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Meet Malaysia's first family of skiing
[SAPPORO] A fanciful idea that started out as a joke among young members of one of Malaysia's most prominent families has snowballed into a fully fledged ski team and dreams of Olympic success.
Despite being a tropical, snowless country, Malaysia has created its own alpine ski team - albeit with only two members - which is currently competing at the 8th Asian Winter Games in Sapporo, Japan.
Unlike the antics of Venezuela's Adrian Solano, who wobbled amateurishly around the slopes at last week's Nordic World Ski Championships in Finland, both Malaysians are accomplished skiers, driven by the ambition of promoting winter sports in a country where football and badminton dominate.
Partly inspired by the Jamaican bobsledders who defied conventional wisdom by competing at the 1988 Winter Olympics, more and more warm-weather countries have been entering teams in snow and ice events in recent years.
Othman Mirzan, the grandson of former Malaysian prime minister Mahathir Mohamad, thought his country should do the same after flippantly suggesting his family had already begun their own team.
"It started as a joke. My siblings and I all skied together and the running joke was always that we were the Malaysian ski team because we're the only Malaysians people see skiing," he said.
"From that, the idea kind of grew. It started out as 'Let's see if this is viable' and then when we figured out it was viable we had to see what it takes.
"There's a lot of rings you have to jump through. I was 17 at the time and no one takes a 17-year-old seriously when they are trying to start a national association, but the Malaysian Olympic Committee were very enthusiastic." Mirzan, 22, said his famous grandfather, Malaysia's prime minister from 1981-2003 and still highly influential in the country, was an enthusiastic supporter of the team, although he hasn't seen them race live.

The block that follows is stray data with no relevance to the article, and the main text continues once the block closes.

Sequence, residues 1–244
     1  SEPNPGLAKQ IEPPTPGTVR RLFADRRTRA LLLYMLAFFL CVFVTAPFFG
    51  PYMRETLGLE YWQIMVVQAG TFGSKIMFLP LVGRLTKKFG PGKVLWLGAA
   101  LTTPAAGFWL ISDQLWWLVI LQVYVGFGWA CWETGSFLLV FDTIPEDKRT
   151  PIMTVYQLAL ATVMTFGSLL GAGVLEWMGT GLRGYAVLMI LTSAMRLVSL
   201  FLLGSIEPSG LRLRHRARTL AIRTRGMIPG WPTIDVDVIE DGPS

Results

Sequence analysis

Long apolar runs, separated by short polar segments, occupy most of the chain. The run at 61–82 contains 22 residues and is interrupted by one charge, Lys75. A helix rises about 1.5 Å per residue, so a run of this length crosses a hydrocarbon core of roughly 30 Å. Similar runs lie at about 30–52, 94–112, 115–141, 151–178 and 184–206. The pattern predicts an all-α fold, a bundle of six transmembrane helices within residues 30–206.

"He doesn't like the cold so he doesn't come to the races but I know that he's very proud of what we've done," Mirzan told AFP.
"At the end of the day his mantra for his years in office was 'Malaysia can' - so being able to represent Malaysia in a field that has never been represented before, for me, that is pushing the envelope and what he was and is all about." After setting up a national ski federation, Mirzan moved to the United States, enrolling at the University of Colorado, but remained the sole member of the Malaysian team.
Unbeknown to him, a former coach of top US skier Lindsay Vonn had implanted a similar idea in the head of another young Malaysian, Jeffrey Webb, who was born in Kuala Lumpur but moved to the US when he was five years old.
A competitive ski racer, Webb caught the eye of the coach at a training academy in Washington state, who suggested he look at the possibility of skiing for his native country on the international stage.
Webb, just 18 and still in high school, never took the idea too seriously until his father read in a ski magazine that Mirzan had started a Malaysian ski federation.
"We go back to Malaysia for three months every year and when we were there we contacted the Malaysian minister of sport," Webb's father Steve explained.
"We were thinking it might take about two years to get through to someone as important as a minister, but he was very interesting in developing new sports and to our surprise he actually contacted us straight away and said come in and talk.
"It was really perfect timing, and the rest is history." Mirzan and Webb soon met up in Minnesota and started hatching their plans to put Malaysia on the alpine skiing map, but not as a novelty act - they both wanted to be competitive.
Mirzan broke the ice when he entered this year's world championships in St Moritz, Switzerland. Then both were selected for the Asian Winter Games, with Webb finishing 15th and Mirzan 24th in the men's giant slalom.
Now they have their sights set on the Winter Olympics, and again the timing seems perfect with Pyeongchang, South Korea hosting the games in 2018 then Beijing in 2022.
"It's pretty neat that a small country like Malaysia can compete against these bigger countries and this has been a great experience," Webb said.
"I would love to go to the Olympics one day but I just wouldn't want to go just for the sake of going. I would love to go and compete up there with everyone else and pull off a big result for Malaysia."